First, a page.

You make better promises. Not necessarily ones you can keep, just better. They have to be so much better that it looks like a revolution, like something genuinely new is happening. You have to fool the consumer watchdogs. You have to get women outside the industry, women with powerful public images, to back your claims — and not for money, either; anyone can smell that ploy. The illusion has to be seamless, so thorough that actresses, women’s magazine editors, afternoon talk show hosts — with luck, even the First Lady, herself — will use your product and publicly back you because they’re as taken in as everybody else.

The Kathy Girl idea was mine, and I’m proud of it. It was pure genius.

The idea was to create a whole new standard of feminine beauty to place before the buying public — in magazines, on television, in movies — a woman so beautiful, so idealized, so absolutely perfect that no one could look at her without loving her. Without wanting to be her. Without cringing inside with self-loathing for being less perfect than She. Then you simply create in the public mind a direct causal link between your product and this new standard of beauty. If you’re smart, you’ll make them mortgage their homes to buy it.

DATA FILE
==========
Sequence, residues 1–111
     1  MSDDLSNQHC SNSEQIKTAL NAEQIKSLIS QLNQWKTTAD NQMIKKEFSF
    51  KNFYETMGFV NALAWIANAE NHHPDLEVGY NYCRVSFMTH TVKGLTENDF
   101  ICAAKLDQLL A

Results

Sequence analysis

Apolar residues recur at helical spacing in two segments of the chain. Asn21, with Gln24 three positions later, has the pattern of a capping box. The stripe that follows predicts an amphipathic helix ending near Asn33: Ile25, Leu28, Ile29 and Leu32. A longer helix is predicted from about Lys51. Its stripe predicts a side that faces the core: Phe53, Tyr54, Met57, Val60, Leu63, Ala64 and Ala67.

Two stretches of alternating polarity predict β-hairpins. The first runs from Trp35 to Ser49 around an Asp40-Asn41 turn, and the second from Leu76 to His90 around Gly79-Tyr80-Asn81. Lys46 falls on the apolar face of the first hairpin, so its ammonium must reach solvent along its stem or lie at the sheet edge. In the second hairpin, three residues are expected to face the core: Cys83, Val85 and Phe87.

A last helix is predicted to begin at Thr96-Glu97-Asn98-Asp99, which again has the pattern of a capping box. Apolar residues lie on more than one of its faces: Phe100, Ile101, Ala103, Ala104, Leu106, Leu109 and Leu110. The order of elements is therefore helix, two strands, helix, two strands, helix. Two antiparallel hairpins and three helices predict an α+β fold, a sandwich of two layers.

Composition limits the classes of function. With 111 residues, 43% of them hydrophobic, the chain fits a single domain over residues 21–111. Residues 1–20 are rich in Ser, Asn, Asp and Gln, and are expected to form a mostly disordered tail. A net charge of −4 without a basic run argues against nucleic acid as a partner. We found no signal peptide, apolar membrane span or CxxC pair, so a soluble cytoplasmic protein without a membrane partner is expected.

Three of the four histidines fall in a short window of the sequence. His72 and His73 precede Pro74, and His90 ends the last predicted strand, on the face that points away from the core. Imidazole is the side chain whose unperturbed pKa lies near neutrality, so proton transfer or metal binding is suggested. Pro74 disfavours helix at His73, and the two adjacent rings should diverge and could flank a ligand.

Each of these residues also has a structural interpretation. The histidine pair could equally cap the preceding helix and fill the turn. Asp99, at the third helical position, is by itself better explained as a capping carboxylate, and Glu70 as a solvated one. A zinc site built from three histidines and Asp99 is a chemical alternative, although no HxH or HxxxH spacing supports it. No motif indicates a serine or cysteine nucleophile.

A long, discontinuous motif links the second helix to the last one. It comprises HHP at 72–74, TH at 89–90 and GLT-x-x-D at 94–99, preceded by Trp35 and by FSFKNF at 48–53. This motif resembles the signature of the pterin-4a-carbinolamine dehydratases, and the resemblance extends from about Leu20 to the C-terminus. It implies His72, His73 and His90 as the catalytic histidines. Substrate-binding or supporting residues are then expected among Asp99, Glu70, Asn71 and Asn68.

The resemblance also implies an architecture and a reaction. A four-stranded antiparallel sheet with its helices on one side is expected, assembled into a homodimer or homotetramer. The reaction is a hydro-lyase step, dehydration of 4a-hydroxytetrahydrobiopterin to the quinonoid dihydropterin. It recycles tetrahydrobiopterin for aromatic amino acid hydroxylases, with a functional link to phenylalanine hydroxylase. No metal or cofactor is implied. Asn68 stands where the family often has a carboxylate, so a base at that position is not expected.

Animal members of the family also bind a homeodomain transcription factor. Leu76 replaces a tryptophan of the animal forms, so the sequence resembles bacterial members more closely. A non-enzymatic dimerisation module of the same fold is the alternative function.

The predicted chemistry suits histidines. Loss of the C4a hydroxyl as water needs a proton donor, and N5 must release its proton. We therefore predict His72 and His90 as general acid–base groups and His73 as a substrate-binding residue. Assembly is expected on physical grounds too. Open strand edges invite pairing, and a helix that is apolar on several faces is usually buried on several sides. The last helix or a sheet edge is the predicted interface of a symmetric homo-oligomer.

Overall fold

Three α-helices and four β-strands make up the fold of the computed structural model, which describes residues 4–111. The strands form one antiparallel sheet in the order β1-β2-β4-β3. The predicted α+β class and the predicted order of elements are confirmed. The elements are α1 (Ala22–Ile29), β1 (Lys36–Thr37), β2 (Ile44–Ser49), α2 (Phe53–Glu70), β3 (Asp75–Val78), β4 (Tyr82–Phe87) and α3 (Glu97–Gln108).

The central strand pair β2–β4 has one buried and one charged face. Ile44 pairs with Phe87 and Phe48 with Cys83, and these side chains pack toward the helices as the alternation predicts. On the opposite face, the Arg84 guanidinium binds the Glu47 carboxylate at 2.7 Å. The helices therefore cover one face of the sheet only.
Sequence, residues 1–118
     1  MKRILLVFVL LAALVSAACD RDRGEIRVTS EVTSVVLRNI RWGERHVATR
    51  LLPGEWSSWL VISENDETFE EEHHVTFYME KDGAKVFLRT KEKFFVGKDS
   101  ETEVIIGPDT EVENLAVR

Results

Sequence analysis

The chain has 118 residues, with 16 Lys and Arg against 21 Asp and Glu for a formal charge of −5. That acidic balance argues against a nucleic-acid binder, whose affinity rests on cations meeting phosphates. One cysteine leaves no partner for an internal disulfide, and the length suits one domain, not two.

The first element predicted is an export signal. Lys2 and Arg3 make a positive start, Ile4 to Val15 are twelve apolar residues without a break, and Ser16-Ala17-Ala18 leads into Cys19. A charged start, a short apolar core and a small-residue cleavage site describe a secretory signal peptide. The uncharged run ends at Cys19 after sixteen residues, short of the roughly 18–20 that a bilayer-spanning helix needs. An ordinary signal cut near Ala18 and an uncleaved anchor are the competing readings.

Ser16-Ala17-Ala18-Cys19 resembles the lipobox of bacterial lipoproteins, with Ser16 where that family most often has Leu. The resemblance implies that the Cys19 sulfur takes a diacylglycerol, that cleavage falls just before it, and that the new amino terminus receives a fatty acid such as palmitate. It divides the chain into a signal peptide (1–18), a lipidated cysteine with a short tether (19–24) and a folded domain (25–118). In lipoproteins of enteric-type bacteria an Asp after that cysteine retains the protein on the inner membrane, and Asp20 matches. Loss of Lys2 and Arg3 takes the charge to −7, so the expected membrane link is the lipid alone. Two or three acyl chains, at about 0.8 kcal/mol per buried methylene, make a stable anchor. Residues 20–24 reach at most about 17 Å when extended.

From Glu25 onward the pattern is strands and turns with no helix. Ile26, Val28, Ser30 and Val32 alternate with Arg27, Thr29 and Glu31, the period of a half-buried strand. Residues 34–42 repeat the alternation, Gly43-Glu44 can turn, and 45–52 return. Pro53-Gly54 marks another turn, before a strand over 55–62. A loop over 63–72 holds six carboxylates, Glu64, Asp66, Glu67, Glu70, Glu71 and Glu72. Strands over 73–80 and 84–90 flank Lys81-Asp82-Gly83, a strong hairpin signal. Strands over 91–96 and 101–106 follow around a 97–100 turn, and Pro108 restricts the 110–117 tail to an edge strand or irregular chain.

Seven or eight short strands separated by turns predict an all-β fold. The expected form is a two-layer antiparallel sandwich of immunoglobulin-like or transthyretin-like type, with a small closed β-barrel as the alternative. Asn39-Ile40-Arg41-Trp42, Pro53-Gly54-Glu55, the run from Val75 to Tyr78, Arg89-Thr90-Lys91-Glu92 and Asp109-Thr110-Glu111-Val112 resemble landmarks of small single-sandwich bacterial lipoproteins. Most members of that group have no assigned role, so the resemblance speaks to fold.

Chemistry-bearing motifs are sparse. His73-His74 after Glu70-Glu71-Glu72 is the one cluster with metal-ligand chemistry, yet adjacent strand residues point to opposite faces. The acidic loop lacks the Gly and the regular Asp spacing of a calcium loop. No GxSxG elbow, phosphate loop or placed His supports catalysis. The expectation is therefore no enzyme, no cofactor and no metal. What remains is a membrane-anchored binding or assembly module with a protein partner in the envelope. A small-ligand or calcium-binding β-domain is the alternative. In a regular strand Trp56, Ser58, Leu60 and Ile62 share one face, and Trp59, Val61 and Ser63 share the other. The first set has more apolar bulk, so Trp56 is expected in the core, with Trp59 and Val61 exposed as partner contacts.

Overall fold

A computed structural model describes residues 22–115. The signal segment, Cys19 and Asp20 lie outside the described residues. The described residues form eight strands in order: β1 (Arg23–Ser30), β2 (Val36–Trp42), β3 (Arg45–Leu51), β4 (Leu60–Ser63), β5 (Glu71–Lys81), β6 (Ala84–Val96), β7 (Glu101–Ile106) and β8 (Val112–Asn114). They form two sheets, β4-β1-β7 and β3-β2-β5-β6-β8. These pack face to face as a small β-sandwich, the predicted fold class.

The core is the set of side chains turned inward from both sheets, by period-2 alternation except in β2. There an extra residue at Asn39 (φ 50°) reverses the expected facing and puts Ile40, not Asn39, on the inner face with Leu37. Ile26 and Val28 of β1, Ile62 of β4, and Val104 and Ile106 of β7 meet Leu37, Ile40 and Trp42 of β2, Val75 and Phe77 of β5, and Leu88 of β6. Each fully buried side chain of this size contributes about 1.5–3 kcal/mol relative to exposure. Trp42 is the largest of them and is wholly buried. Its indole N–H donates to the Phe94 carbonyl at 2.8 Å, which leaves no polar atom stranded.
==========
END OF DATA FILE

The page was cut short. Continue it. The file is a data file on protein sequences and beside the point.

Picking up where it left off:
Now, of course, this approach is not new. It’s been the heart of American advertising for a century, with bikini-clad women hawking everything from soda pop to deodorant to automobiles. It’s our most effective technique, but success is always uncertain — and when you get it, fleeting — for this reason: there is no perfect woman.

People’s tastes differ. Some will get instantly hooked by the image you present, becoming loyal customers, regardless of the product’s actual performance. Others will just crinkle their noses and keep buying Coke or Super-Stay-Dry or Ford because you haven’t hit their personal desires or insecurities hard enough to cause real pain; they’re already addicted to your competitor’s drug, and you haven’t convinced them that yours might offer greater bliss.